Nepal and India holds a meeting on transmission line and energy banking projects

Nepal and India holds a meeting on transmission line and energy banking projects

To finalize details linked regarding transmission line and energy banking projects by mutual agreement, the two-day Nepal-India energy secretary-level discussions have occurred in the southern Indian city of Bangalore on Tuesday.

Secretary at the MoEWRI, Dinesh Kumar Ghimire, is managing the Nepali mission, whereas his equivalent Subhash Chandra Garg is directing the Indian team.

According to MoEWRI officials, the gathering will concentrate on concluding the construction modality of the 400 kVA New Butwal-Gorakhpur cross-border overdrive line and on providing the final finishes to the energy banking deal with India.

Prabin Aryal, a joint secretary at MoEWRI, stated that the secretary-level discussions, also called the Joint Steering Committee (JSC) conference, will address the overall program. Before the JSC conference, the joint secretary-level Joint Working Group (JWG) conference was conducted to finalize the agendas for the JSC meeting which will be held on Tuesday.

The New Butwal-Gorakhpur cross-border overdrive line project is a need to fulfill the US government’s Millennium Challenge Corporation aid to Nepal, as per Aryal.

“We hope that the construction modality of the New Butwal-Gorakhpur cross-border transmission line project will be finalized in the meeting,” he said.

“Government authorities from both sides have spent a lot of time preparing the groundwork for the agreement and we hope it will be finalized this time,” he added.

Aryal notified that there has been an understanding to build the transmission line on government modality and the complete project description has also now been settled.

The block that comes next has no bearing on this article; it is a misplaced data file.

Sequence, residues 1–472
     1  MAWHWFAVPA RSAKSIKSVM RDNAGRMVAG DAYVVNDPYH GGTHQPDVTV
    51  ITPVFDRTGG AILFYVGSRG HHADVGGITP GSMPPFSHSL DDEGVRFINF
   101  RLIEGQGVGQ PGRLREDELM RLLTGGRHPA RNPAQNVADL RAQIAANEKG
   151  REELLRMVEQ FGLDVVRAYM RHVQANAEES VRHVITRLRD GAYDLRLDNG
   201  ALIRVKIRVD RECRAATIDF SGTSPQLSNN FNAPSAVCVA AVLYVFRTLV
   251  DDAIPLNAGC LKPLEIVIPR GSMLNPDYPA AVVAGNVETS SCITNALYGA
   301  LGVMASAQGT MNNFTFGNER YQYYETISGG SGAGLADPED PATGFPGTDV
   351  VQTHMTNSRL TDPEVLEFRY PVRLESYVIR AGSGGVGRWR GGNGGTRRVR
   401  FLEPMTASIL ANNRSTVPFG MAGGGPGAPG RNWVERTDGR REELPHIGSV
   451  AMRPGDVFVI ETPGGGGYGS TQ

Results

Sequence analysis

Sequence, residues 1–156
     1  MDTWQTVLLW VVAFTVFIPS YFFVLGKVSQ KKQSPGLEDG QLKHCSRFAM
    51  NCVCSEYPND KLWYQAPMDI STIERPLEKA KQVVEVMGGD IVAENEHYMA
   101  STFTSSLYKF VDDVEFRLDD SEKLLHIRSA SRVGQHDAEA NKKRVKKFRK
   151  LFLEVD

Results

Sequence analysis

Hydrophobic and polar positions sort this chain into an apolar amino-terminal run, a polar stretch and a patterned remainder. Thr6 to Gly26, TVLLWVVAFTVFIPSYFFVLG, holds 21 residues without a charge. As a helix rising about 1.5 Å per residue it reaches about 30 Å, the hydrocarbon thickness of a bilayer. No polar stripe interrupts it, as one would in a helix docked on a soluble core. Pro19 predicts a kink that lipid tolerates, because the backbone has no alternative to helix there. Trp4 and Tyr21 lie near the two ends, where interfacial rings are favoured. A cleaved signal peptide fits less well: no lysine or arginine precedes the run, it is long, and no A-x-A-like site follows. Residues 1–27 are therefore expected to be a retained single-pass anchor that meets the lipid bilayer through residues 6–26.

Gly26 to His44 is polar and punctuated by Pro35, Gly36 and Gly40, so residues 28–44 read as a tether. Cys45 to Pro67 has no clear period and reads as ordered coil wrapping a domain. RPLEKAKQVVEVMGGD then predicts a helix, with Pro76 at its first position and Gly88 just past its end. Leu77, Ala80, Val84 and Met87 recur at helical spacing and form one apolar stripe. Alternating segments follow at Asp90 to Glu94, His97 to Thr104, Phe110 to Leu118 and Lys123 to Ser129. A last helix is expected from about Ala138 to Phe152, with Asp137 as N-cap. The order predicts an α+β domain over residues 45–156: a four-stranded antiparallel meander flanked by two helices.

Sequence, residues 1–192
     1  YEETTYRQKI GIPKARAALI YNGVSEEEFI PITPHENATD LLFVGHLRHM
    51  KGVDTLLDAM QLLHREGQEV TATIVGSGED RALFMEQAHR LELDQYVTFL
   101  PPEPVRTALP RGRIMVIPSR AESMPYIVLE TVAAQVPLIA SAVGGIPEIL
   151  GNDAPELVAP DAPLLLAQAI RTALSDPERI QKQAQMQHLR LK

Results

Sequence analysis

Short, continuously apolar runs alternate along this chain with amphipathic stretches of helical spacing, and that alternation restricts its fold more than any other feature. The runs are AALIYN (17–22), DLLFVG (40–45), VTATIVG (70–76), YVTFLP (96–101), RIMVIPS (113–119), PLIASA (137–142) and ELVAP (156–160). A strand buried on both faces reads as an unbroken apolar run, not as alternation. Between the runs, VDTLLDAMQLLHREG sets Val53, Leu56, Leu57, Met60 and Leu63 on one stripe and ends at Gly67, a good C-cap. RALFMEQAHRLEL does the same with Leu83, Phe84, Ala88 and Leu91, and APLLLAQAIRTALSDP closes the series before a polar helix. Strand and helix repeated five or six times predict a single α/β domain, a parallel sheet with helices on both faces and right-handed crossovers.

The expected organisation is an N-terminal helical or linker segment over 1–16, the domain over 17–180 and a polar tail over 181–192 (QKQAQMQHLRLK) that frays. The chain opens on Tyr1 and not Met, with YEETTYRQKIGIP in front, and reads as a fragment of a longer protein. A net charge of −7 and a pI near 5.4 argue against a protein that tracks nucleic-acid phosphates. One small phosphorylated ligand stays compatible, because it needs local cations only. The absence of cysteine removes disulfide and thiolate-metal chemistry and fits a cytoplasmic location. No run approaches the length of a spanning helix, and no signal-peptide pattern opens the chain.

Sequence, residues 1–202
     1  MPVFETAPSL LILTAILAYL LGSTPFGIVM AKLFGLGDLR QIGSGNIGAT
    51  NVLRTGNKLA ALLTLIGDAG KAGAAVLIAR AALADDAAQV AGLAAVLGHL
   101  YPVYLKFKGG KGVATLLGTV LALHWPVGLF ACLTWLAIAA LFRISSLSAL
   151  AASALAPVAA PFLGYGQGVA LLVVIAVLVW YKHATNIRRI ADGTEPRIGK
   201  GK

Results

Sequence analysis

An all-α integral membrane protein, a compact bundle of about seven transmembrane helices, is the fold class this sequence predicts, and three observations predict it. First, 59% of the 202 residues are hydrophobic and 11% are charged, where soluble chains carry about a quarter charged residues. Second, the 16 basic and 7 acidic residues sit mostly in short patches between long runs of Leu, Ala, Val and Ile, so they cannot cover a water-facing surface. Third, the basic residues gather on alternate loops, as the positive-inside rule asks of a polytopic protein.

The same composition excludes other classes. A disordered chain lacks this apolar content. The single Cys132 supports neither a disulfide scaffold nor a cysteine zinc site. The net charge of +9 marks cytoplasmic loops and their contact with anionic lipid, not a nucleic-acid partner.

The cross-border transmission chain scheme has been following the forum for a long time and the problem was also raised while the last JSC conference in Pokhara on January 23. Nepal and India had accepted to trade more electricity to Nepal earlier. Likewise, at the Pokhara conference, both the governments had agreed to build the individual portion of the transmission line that comes in their territory.

In an about140-km-long transmission line, 20 km comes in Nepal’s territory and the other 120 km lies in India. Furthermore, Nepal had vowed to spend 50 percent of the equity in the Indian transmission line. At that conference, Nepal had further accepted to spend a cent percent wheeling credit for seven years from the opening of the transmission line operation.

Following seven years of service, Nepal has suggested that both nations must spend according to the quantum of energy applied through this transmission line. But, India had declined to admit that proposal.

Yet, while the two-day Infrastructure Summit on September 11 and 12 conducted in Kathmandu, Indian Minister of State for Power RK Singh had promised to back the usage proposal of the transmission line and its development modality, with others, in a conference with Barsha Man Pun, minister for energy, water resources, and irrigation.

While the last gathering in January, Nepal, and India had addressed starting a joint partnership to complete the project and there were also discussions on India granting an interest-free loan to finance the development works. The conference, though, did not make any transaction.

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